X-Men: Destiny

X-Men: Destiny
Developer(s) Silicon Knights
Publisher(s) Activision
Producer(s) Doug Heder
Writer(s) Mike Carey
Engine Unreal Engine 3[1]

Release date(s)

Nintendo DS, PlayStation 3 & Xbox 360

  • NA: September 27, 2011
  • EU: September 30, 2011
  • AUS: October 5, 2011
  • Wii
    • NA: September 27, 2011
    • EU: October 14, 2011
    • AUS: October 26, 2011
Mode(s) Single-player

X-Men: Destiny is an action role-playing video game based on the X-Men comic book series. It was developed by Silicon Knights. Written by Mike Carey, the writer of the X-Men: Legacy comic book series,[2] it was first published and released by Activision for the Nintendo DS, PlayStation 3, Xbox 360 and Nintendo Wii consoles.[3]

Along with many other games published by Activision that had used a Marvel license, X-Men: Destiny was de-listed and subsequently removed from all digital storefronts on January 1, 2014.[4][5] The game and another game, Too Human, were recalled, and had their unsold copies destroyed due to legal issues between Silicon Knights and Epic Games over the games' use of Unreal Engine 3 code.[6][7][8]


In X-Men: Destiny, players are put in the roles of new mutants who choose to join either the X-Men or the Brotherhood of Mutants; from there, they make decisions for the ultimate destiny of their character.[9][10] X-Men: Destiny places an emphasis on the players' freedom of choice, as opposed to a more traditional linear type of gameplay. This was supported by quotes in the official press release: "the all-new original video game casts players as new mutant recruits in a rich, branching storyline that features a deep element of choice and gives players ultimate control of their destiny."

Throughout the game, players collect power enhancements called X-Genes. Every X-Gene can unlock three types of abilities: offensive, defensive and utility. X-Genes can be mixed and matched as the player sees fit for a unique experience.[11]

Some retailers packaged the game with exclusive pre-order bonuses. Those who pre-ordered on Amazon.com received an early unlock code for Emma Frost's outfit and X-Genes; Best Buy offered an early unlock code of Juggernaut's costume and X-Genes; and GameStop's pre-ordering customers received Havok's suit and X-Genes.[12]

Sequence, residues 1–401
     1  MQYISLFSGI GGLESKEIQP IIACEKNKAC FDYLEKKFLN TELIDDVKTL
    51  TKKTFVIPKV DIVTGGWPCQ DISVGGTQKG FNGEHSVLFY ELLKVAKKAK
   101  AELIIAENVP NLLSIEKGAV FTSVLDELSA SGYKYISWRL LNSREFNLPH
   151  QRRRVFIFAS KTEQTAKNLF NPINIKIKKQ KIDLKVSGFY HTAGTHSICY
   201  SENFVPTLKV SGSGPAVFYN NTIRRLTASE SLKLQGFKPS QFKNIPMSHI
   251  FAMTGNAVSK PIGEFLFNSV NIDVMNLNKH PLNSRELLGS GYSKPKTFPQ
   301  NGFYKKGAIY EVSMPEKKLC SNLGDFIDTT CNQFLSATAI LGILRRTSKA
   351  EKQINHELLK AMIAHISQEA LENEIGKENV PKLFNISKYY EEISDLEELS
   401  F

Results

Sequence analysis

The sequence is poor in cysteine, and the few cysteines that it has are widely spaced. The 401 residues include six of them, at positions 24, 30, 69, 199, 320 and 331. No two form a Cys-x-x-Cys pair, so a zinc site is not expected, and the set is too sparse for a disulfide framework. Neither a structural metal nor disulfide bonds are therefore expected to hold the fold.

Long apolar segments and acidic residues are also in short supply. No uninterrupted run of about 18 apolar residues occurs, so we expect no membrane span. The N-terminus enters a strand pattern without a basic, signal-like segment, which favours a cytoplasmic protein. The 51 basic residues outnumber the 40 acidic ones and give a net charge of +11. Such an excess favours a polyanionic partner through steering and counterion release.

Silicon Knights developed the game in collaboration with Activision after being green-lighted in 2009. Anonymous sources claiming to be former employees have claimed that the development team was split between 'XMD and Eternal Darkness 2, with management indifferent toward X-Men.[13]

Denis Dyack, the founder of Silicon Knights, has responded, stating that the project budget was drastically reduced due to Marvel's acquisition by Disney. He has asserted that the perception of indifference had to do with resources at the developer being re-allocated in response to the shift in budget; the developers were not informed of the reduced budget so as to maintain morale.[14]


X-Men Destiny is based in San Francisco, which has been divided into human and mutant areas due to a conflict between the two groups. At the start of the game, the player chooses from one of three mutant characters who have been created for the game. The game allows for the player to decide which mutants become their allies and enemies through choices made in the course of the story.[15]

The game begins at a peace rally held in San Francisco, in memory of the deceased Professor X, by the Mutant Response Division's Chief Luis Reyes. Things quickly turn into a disaster as the rally is attacked by an anti-mutant extremist organization called the Purifiers, who are taking mutants alive and not killing them as they usually do. Immediately after, the latent mutant powers of the player's character are awakened and he/she is forced to defend civilians in the area from the Purifiers. The player's character then meets with mutants from both the X-Men and Brotherhood of Mutants and makes the choice of joining either group as they go after Cameron Hodge, leader of the Purifiers. Hodge is wearing a Power Armor and personally joins the hunt for mutants. While many characters wonder why the Purifiers are capturing mutants alive instead of killing them, the player character eventually corners Hodge on top of a building. The fight is then interrupted by Magneto, who is accused by Reyes for attacking the rally, and drops a steel bridge on top of the combat zone.

The player's character is saved by Nightcrawler at the last moment and is teleported to China Town where he/she is tasked to find Gambit, who left the X-Men after the death of Professor X and is currently operating a nightclub in China Town. After meeting Gambit, he asks the player to help him raid a Purifier warehouse which contains technology that the Purifiers use against mutants. After the raid, Gambit gives the player the location of the secret underground lab where Purifiers are holding captured mutants.